Quarterback Colin Kaepernick #7 of the San Francisco 49ers celebrates after running in a touchdown in the first quarter against the Green Bay Packers during the NFC Divisional Playoff Game at Candlestick Park on January 12, 2013 in San Francisco, Calif. This pose has become known as "Kaepernicking." - 

The San Francisco 49ers are Super Bowl-bound. And if the team's young quarterback -- Colin Kaepernick -- scores, you're likely to see him motion a kiss at his flexed right bicep. (His helmet gets in the way of his lips actually making contact with that tattooed arm, impressive as it is.)

Turns out the 25-year-old calls this move "Kaepernicking." And he's applied for a trademark of the term.

It’s just the latest in a long line of sports figures branding their moves. Take, for example, "Tebowing” or “Linsanity.” Tim Tebow and Jeremy Lin trademarked their respective terms. But it’s not clear how much they’ve made off them, nor how much Kaepernick stands to make.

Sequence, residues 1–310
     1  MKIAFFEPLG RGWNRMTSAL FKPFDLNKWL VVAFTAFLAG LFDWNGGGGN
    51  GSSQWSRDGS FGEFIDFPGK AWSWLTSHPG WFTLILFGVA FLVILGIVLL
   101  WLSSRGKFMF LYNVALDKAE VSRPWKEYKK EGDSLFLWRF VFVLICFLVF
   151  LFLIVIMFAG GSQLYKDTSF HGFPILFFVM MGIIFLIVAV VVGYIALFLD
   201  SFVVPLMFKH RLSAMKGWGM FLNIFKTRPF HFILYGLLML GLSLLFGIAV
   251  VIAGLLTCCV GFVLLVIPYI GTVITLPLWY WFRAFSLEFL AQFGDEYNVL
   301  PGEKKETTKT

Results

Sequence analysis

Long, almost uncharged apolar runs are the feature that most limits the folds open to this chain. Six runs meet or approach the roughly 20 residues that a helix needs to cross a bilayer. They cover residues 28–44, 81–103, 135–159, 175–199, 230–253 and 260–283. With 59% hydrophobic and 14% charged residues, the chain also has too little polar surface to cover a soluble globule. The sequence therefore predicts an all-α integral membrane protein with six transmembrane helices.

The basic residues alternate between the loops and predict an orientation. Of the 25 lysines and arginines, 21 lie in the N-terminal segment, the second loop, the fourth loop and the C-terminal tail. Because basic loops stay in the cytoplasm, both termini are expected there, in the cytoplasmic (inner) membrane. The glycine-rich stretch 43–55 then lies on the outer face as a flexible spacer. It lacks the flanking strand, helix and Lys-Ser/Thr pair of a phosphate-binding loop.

Daniel Durbin teaches sports and culture at the University of Southern California. He questions the timing of the trademark move. He says Kaepernick should be focused on the big game.

Instead, “this quarterback is focused on trying to copyright an action of self-love?” he asks rhetorically.

Durbin says the danger for Kaepernick is that sports stars -- and their brands -- often fade quickly. Who even says “Linsanity” anymore?

But William and Mary law professor Laura Heymann says a trademark is sometimes less about protecting a brand, and more about protecting the person behind it.

“If anybody is going to be able to make money from merchandise that involves that mark, it should be the athlete himself or herself,” she says.

If an outside person or company tries to make money from a sports figure's name, Heymann says trademarks can often give the figure legal name protection.